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The reluctant Christian filmmaker who made ‘The Chosen’

Dallas Jenkins told me in a video call that he wanted to be a sports journalist

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Dallas Jenkins, creator, producer, writer and director of “The Chosen,” talks to the media in Midlothian, Texas, on Aug. 15, 2022.

Dallas Jenkins, creator, producer, writer and director of “The Chosen,” talks to members of the media at the Salvation Army’s Camp Hoblitzelle in Midlothian, Texas, on Monday, Aug. 15, 2022.

Ben B. Braun, Deseret News

Dallas Jenkins really didn’t want to become a Christian filmmaker.

Those aren’t words you’d expect from the creator and director of “The Chosen,” a dramatization of the life of Jesus Christ that The New York Times described as “breaking into the mainstream.”

“He really was an unusual kid from Day 1. I mean, very verbal, you know,” Dallas’ father, Jerry Jenkins, told me in a video call. “The joke is that he was directing in the labor room, the lights were too bright.”

But Dallas Jenkins didn’t spend his childhood thinking about Hollywood fame. He spent his adolescent years dreaming of becoming an athlete or sports broadcaster, like his father was before becoming a bestselling novelist.

“I would practice broadcasting games on my tape recorder,” Dallas Jenkins told me. He loved to read The Chicago Tribune’s sports section from an early age.

But then he watched “One Flew Over the Cuckoo’s Nest.”

There’s one scene where Nurse Ratched (Louise Fletcher) denies Randle McMurphy (Jack Nicholson) when he requests to watch the World Series. McMurphy feigns broadcasting a pretend game with a blank TV to a cadre of captivated inmates.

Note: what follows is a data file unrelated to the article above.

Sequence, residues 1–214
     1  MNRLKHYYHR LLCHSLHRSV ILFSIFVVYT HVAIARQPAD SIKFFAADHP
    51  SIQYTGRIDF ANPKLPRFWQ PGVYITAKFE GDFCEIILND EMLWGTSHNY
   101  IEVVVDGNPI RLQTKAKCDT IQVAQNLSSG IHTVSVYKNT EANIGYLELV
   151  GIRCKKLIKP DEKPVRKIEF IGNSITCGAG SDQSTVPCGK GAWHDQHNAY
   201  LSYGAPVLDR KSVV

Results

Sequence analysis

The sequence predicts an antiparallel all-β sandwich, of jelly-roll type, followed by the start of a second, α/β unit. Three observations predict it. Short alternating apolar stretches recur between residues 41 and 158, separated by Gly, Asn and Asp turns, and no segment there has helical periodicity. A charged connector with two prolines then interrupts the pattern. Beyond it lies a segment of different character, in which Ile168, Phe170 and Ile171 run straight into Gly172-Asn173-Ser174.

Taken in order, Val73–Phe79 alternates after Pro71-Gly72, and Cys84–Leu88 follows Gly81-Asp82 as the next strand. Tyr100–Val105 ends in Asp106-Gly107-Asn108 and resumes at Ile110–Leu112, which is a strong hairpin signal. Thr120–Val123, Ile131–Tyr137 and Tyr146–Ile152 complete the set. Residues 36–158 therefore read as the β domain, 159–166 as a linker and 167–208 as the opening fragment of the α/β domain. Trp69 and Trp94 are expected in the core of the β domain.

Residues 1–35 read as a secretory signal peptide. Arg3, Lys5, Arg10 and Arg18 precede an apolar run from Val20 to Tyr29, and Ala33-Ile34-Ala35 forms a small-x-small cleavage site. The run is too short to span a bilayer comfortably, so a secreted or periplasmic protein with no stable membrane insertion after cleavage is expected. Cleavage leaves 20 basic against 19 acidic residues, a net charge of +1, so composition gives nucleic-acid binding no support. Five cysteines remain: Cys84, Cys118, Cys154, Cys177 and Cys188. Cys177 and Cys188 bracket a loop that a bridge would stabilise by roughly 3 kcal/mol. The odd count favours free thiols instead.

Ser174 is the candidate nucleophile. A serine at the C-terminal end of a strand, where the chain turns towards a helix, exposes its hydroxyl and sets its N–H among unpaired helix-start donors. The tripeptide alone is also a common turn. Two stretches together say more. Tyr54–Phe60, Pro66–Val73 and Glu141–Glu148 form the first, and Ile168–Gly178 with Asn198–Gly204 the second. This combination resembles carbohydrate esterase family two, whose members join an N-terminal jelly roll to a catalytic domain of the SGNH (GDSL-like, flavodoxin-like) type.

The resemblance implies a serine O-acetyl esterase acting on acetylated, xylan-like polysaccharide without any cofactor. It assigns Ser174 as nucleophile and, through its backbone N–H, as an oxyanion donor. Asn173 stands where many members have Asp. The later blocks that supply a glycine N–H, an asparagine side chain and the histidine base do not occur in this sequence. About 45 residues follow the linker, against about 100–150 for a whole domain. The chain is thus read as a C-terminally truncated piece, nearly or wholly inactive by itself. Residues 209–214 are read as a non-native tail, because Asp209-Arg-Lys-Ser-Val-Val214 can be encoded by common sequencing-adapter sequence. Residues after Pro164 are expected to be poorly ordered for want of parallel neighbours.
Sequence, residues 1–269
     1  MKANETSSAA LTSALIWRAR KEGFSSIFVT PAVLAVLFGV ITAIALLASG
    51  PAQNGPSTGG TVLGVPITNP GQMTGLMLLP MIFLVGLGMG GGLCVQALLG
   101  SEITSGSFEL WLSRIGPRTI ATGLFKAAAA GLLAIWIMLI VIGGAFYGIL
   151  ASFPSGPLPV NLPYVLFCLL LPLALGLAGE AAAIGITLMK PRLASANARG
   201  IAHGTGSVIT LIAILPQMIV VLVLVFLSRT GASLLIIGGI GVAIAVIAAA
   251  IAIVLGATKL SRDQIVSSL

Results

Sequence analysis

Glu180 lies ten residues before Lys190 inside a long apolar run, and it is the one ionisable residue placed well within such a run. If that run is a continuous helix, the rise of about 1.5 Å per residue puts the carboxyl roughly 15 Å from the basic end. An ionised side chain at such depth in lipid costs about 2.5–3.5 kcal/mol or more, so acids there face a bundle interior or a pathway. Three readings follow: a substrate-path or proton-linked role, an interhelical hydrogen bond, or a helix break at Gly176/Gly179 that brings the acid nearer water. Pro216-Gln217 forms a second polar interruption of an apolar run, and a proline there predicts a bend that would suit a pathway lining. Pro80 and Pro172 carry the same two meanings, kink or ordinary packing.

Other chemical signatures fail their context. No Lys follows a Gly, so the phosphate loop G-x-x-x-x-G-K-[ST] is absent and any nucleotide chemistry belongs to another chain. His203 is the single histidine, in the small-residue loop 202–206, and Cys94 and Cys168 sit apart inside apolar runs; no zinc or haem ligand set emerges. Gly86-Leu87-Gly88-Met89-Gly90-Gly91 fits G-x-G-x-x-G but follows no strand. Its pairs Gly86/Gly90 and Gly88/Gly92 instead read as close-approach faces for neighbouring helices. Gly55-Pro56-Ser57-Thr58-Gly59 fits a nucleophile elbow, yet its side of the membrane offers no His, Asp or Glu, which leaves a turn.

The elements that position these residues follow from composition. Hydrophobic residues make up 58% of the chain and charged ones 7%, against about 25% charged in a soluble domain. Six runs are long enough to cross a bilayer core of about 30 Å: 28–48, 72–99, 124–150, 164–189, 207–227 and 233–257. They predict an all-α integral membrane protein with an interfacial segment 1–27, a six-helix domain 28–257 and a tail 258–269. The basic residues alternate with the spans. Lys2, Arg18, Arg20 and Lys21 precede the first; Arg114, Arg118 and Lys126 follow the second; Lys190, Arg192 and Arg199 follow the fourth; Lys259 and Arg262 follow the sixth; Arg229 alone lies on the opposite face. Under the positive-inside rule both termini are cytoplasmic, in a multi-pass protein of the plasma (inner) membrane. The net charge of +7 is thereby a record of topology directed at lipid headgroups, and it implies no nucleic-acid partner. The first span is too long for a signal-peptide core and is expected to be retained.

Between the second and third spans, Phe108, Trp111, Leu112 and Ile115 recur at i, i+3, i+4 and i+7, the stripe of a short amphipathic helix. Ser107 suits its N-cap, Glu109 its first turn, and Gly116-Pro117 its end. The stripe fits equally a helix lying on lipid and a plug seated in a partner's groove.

“I was so moved by it,” Jenkins said about the creation of this scene. “I thought, whatever that is, I want to do that: making movies, telling stories that can result in the kind of emotional response that I had to that scene.”

It was then Jenkins knew he didn’t want to become a sports broadcaster.

Jenkins bonded with his father over a shared love of movies. “We would sit down and would watch ‘The Godfather,’ ‘Bonnie and Clyde,’ the movie ‘Bullet’ and ‘Kramer vs. Kramer’ and some of the classic films.”

“When he got to be about 13, I took him to see some movies that I felt were really great movies: ‘Field of Dreams,’ ‘One Flew Over the Cuckoo’s Nest’ and things like that,” Jerry Jenkins said. “I remember him saying one time after a movie, something sort of like, ‘I’m not sure what that is, but that’s what I want to do.’”

“The Chosen” creator also has memories of watching Christian movies, too. After all, his father is a prolific Christian writer.

“I did remember thinking at the time, why is it that the Christian stuff is always so much worse than the regular stuff?” Dallas told me. “The quality level is just so much lower. And I started to think if there could be stories that came from my faith that reflected my experience and my beliefs just like these filmmakers are reflecting theirs, the mainstream filmmakers could really have an impact there.”

It was then Jenkins thought, “I’m not going to be a Christian filmmaker. I’m just going to be a filmmaker who happens to be Christian.”

“I’m not enamored with the Christian film genre,” he said. It’s not that Jenkins doesn’t like movies with strong faith elements — he does and rattled off movies like “The Case for Christ,” “The Matrix” and “Chariots of Fire” as examples of films in this genre he likes — it’s that he thinks “it tends to pigeonhole a movie.”

His plan was different. He wanted to make mainstream character-driven movies with a faith perspective — but not Christian movies.

Jenkins’ faith has always been important to him. “I’ve always believed, I’ve always had faith,” he said, as he credited his family and church growing up for his strong belief in Jesus. His father Jerry told me the family focused on doing things like praying together every night and spending quality time together.